Best Undergraduate Major For Aspiring Lawyers?

I’m glad I asked. It was the top response from readers, and it made me wonder: Are there any other undergraduate majors that might have a better chance of getting you hired as an attorney than law? My hunch is no. But I wanted to be sure, so I checked with some legal experts for their thoughts on this question. Here are the eight most common responses (in alphabetical order):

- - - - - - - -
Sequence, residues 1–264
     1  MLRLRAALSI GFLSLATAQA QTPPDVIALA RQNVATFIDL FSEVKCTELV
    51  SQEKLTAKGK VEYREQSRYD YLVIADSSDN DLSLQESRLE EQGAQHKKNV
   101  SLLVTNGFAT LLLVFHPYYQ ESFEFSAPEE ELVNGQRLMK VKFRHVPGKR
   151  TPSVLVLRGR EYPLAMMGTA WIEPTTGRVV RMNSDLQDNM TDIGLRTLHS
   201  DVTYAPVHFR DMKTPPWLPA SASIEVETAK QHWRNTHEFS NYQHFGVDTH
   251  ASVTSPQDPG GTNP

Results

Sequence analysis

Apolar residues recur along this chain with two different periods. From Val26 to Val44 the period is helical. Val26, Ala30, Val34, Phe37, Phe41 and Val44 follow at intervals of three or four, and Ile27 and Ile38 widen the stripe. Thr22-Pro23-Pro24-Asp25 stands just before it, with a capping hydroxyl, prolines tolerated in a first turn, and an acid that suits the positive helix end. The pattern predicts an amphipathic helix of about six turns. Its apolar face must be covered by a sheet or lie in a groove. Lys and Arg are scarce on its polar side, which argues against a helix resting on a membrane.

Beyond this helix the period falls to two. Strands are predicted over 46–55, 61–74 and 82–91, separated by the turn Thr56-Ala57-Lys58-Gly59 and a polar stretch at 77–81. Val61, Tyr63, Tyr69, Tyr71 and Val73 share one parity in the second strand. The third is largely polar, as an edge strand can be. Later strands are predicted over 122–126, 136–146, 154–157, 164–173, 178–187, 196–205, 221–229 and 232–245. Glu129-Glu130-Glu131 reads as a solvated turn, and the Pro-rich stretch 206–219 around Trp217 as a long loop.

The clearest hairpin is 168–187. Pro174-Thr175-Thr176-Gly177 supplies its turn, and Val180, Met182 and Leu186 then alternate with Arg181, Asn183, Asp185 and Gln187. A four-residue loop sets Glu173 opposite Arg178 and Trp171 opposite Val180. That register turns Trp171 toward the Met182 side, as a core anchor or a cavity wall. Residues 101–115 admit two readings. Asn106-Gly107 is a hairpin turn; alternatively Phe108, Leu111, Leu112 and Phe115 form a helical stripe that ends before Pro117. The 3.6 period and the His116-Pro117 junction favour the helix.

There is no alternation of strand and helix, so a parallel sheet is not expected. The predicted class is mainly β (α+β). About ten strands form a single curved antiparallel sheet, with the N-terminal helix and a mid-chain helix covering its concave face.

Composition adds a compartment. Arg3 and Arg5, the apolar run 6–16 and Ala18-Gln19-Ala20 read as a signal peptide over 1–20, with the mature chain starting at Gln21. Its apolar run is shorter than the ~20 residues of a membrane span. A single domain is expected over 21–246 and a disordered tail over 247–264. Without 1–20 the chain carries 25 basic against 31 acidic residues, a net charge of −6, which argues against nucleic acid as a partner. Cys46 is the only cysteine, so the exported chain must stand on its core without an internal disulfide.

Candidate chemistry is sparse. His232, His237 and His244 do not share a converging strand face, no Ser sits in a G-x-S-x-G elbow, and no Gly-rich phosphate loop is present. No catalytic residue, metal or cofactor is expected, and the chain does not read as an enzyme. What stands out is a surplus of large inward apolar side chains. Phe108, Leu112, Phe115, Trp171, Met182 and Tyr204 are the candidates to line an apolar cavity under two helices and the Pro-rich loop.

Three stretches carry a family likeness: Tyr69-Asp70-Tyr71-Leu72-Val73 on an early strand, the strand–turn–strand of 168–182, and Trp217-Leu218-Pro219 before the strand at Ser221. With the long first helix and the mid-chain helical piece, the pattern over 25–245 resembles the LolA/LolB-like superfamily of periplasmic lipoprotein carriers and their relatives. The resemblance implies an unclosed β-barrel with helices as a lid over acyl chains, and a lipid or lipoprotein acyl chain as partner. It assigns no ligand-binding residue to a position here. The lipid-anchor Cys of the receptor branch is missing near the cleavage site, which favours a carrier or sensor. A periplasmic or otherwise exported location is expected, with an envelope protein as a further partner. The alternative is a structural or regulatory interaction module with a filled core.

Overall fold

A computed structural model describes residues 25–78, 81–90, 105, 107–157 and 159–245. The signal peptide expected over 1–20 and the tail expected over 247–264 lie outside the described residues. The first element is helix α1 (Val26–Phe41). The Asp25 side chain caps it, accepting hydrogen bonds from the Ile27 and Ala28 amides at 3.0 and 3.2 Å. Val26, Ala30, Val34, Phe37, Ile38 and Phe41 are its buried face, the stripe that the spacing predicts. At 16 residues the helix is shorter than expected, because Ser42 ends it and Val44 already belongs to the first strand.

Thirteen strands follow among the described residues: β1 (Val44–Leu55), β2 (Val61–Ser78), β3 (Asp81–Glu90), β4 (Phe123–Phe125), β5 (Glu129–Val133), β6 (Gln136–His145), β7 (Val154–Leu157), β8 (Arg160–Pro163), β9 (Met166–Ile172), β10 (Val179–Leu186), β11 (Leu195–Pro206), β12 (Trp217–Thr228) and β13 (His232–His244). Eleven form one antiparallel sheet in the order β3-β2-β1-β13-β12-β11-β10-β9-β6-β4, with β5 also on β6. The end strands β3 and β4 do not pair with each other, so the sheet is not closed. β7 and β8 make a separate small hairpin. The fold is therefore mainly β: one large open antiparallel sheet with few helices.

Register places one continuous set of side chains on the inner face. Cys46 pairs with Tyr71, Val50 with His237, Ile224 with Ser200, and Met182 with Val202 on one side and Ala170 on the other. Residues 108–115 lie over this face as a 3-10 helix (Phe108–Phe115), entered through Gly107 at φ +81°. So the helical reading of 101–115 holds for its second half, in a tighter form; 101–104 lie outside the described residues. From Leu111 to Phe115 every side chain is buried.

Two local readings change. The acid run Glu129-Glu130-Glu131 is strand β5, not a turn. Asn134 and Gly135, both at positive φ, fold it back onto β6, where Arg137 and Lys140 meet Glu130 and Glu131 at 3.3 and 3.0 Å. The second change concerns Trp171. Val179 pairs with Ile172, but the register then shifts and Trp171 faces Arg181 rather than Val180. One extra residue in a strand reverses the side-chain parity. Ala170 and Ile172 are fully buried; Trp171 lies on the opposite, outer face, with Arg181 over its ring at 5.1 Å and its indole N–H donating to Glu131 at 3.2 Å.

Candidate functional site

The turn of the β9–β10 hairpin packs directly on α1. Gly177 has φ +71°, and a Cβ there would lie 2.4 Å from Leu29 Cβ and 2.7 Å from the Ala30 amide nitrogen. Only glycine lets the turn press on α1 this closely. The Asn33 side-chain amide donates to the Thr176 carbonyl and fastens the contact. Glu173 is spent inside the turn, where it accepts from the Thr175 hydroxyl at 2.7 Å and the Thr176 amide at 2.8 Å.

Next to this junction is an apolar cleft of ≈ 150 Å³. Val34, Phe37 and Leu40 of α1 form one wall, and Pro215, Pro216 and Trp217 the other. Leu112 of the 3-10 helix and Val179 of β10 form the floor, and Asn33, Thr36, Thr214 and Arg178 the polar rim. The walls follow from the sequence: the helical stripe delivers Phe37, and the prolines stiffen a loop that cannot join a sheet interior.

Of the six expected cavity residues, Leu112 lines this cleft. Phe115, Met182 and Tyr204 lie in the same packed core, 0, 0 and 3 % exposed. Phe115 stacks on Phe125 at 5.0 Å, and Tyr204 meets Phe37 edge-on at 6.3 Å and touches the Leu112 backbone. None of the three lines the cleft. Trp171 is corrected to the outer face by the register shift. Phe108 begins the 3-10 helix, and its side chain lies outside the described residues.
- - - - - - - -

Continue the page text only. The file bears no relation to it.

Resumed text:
Engineering . The first thing they told me was that engineering has seen its share of layoffs; if you want to work near your alma mater after graduation, go into business or consulting instead of practicing law. Then again, at least one survey found that another major like accounting would not do nearly as well in salary terms against law. Other professions ranked higher than engineering on my list include finance (lawyers earn more once they pass the bar exam), architecture , and medicine . Four people whom I talked with said economics came first on their lists—economics professors can make more money than many lawyers but still face less competition for jobs due to the lack of specialization among graduates—but even those who had studied economics seemed dubious about how much employment opportunities were out there for them upon graduation. “It depends on where you live whether [economics] is something employers want,” says Laura Maier-Clausen , an associate professor at Boston University School of Law who also co-directs BU’s Institute for Public Knowledge project

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